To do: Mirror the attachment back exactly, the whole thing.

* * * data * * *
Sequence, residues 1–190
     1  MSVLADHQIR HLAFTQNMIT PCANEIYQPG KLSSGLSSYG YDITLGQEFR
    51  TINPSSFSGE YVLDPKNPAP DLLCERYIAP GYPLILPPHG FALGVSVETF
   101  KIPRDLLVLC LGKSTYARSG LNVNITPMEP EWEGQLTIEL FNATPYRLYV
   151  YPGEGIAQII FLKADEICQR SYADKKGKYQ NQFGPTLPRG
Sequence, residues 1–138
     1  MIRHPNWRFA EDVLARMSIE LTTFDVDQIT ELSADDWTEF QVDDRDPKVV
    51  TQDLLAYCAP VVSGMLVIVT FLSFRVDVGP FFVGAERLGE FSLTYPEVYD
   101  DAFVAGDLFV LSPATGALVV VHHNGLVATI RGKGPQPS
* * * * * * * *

Sequence, residues 1–190
     1  MSVLADHQIR HLAFTQNMIT PCANEIYQPG KLSSGLSSYG YDITLGQEFR
    51  TINPSSFSGE YVLDPKNPAP DLLCERYIAP GYPLILPPHG FALGVSVETF
   101  KIPRDLLVLC LGKSTYARSG LNVNITPMEP EWEGQLTIEL FNATPYRLYV
   151  YPGEGIAQII FLKADEICQR SYADKKGKYQ NQFGPTLPRG
Sequence, residues 1–138
     1  MIRHPNWRFA EDVLARMSIE LTTFDVDQIT ELSADDWTEF QVDDRDPKVV
    51  TQDLLAYCAP VVSGMLVIVT FLSFRVDVGP FFVGAERLGE FSLTYPEVYD
   101  DAFVAGDLFV LSPATGALVV VHHNGLVATI RGKGPQPS